Six months ago, the New Pittsburgh Courier reported that the Pittsburgh Public School District spends more per student than area charter schools and neighboring suburban schools. Conversely, among these same seven charter schools and five suburban districts, PPS has the lowest achievement, according to the Pennsylvania Department of Education Achievement Report 2010-2011.

“That’s not shocking. The reality of it is, a lot of these different schools have way more resources,” said Alichia Parker, president and CEO of A PAR Educational LLC, a company that offers education consulting services and private tutoring. “You have to ask the question, what are they spending the money on. Is it going to those resources? I think the Pittsburgh Public Schools needs to be unique.”

In Pennsylvania, school achievement is based on Adequate Yearly Progress measures under the No Child Left Behind Act, which takes into account school attendance, graduation rates, achieving proficiency on standardized tests and test participation. Using this data, PPS made AYP this year, marking the second time in the past three years, but their status is still considered “Making Progress: Corrective Action II.”

“Today is a good day in the Pittsburgh Public Schools. This is the second time the District has made AYP since the launch of our Excellence for All reform plan five years ago. Today’s results show that the core strategies we have put into place are taking hold, and that more students are on track to Promise-Readiness. We are confident that our work to ensure an effective teacher in every classroom, every day is critical to the continued growth of our students,” said PPS Superintendent Linda Lane at a press conference announcing the district’s achievement. “This could not have been accomplished without the hard work of our students, teachers and principals at every level. We must also thank our families and community partners for their support and confidence, as we have made difficult but the right decisions for children. ”

Comparatively Mt. Lebanon School District, Gateway School District, Penn Hills School District, Urban League Charter School, Manchester Charter School, and all four of the area Propel charter schools are labeled as “Made AYP.” Both Academy Charter School and Career Connections Charter are in “Corrective Action I” and Northside Urban Pathways is in “Warning” status.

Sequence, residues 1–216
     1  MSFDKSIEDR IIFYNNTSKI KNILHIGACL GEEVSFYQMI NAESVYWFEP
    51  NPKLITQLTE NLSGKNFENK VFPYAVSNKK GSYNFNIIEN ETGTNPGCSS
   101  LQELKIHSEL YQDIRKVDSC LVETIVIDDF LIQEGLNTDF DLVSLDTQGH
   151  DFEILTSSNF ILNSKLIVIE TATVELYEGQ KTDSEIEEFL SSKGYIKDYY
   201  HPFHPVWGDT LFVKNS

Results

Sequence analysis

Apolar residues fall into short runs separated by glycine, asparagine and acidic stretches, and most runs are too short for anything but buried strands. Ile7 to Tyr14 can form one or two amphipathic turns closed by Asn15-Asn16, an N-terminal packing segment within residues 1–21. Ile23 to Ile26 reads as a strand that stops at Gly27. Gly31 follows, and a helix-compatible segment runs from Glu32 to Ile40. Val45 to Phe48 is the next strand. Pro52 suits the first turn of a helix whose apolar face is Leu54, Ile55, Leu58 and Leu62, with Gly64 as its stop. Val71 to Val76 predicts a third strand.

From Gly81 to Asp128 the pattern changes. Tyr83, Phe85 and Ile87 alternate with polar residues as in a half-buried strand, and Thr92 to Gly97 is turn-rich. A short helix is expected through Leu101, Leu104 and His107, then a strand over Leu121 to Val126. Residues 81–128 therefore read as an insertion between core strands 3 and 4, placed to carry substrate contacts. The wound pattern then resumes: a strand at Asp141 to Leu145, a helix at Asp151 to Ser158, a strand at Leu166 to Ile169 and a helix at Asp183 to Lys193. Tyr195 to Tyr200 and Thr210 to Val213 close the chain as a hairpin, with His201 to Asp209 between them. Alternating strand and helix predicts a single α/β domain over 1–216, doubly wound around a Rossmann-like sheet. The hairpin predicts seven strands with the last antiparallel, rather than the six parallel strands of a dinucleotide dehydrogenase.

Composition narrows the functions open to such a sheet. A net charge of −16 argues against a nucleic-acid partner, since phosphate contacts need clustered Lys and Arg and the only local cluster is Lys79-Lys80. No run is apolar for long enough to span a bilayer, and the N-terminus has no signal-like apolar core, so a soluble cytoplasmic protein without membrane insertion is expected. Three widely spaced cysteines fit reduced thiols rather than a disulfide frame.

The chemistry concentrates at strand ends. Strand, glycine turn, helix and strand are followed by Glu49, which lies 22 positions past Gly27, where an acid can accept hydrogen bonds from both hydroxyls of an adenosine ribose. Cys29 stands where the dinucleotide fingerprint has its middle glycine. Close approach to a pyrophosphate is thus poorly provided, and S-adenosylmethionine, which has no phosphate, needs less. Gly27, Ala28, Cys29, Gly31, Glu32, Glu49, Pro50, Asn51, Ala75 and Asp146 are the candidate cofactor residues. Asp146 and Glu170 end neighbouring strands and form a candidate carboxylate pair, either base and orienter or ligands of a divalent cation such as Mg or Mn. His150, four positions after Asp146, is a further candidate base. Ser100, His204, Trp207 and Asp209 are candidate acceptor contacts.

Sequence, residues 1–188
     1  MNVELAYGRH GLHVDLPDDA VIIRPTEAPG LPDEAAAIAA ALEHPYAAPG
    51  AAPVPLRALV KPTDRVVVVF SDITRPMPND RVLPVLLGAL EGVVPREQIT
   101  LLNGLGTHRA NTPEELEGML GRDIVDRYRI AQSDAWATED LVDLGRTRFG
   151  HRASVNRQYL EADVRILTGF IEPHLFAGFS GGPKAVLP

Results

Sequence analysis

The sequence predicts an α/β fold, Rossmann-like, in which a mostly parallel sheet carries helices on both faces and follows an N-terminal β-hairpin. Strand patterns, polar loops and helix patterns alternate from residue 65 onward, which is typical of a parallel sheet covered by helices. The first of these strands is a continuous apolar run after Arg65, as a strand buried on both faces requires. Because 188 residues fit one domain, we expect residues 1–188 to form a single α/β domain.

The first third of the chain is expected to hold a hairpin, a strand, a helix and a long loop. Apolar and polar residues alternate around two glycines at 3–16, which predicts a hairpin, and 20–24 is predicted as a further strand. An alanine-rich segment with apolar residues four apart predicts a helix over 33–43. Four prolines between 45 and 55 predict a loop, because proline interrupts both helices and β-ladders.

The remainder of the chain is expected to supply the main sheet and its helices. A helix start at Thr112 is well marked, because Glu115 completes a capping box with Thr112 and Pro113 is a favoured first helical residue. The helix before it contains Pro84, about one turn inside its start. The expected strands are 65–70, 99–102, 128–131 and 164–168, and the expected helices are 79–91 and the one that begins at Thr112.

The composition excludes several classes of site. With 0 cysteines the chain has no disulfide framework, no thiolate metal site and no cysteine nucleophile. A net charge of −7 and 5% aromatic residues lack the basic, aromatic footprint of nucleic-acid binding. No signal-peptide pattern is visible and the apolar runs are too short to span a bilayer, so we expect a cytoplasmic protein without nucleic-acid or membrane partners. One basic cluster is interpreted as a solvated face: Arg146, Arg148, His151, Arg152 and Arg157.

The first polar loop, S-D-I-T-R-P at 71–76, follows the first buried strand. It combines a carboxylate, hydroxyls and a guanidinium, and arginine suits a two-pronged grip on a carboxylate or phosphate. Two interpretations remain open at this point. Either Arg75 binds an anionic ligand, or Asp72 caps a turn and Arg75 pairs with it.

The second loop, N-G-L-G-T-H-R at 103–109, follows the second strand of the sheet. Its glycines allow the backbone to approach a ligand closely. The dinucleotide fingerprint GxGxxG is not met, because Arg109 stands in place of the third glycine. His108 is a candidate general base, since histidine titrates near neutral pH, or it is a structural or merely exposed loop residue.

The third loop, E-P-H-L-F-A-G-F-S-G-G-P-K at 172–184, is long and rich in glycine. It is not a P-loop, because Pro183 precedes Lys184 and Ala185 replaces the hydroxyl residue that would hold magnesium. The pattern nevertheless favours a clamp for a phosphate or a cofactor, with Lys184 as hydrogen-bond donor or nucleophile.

“I’m sure there’s no data on the attitude of the students and how harsh they are. They come from the inner-city and low income areas. Sometimes the hardest job for teachers in the public school system is behavior. Sometimes these teachers have to take 20 minutes out of their time to work on behavior,” Parker said. “I’m not saying some of these other schools don’t have to deal with it, but it’s not the same. They have to deal with the lack of parent support.” A “Warning” status is given to a school, or district that did not make AYP for the first time. If AYP is not met for two consecutive years in the same subject, a school or district will drop to “School Improvement I.” For each year AYP is not met in the same subject, the status will drop to “School Improvement II,” “Corrective Action I,” and then “Corrective Action II,” which is the lowest status.

City High Charter High School is in “School Improvement II” and Wilkinsburg School District’s status is “Making Progress: In District Improvement I.” Similar to PPS, “Making Progress” means they have made AYP, but must pass AYP again next year to be considered back on track.

“I’m not surprised, but we do have some schools that do very well and that’s why we have made AYP, but we do have some schools that are consistently not making AYP,” said Regina Holley, a former PPS principal who recently began her position as school board representative for district 2. “I’m hoping this will be the last round of school closures. We need that stability. The other schools districts are not closing like we are and moving kids around.”

Both educators said school closures could be the cause of instability leading to low student achievement for PPS students. However both agreed additional instructional resources and a curriculum tailored to students needs were needed to ensure student achievement continues to rise.

“You can condense a school but when you double the size you need more resources. A lot of the other schools have more resources and now the sizes of the classrooms in the Pittsburgh Public Schools are tremendous,” Parker said. “The reality is with more schools closing, there are going to be more students in the classroom and teachers need that support. If they can’t find a way to get those support staff, use the community, partner with community groups, bring in those community organizations that are doing that.”

“All the children are working on the same concept at the same time. And for each of our children we need to be looking at the data to see if the curriculum supports that child. I think that has a lot to do with it,” Holley said. “There are some schools that need more resources, but when I’m talking about more resources I’m talking about after school programming, individualized.”

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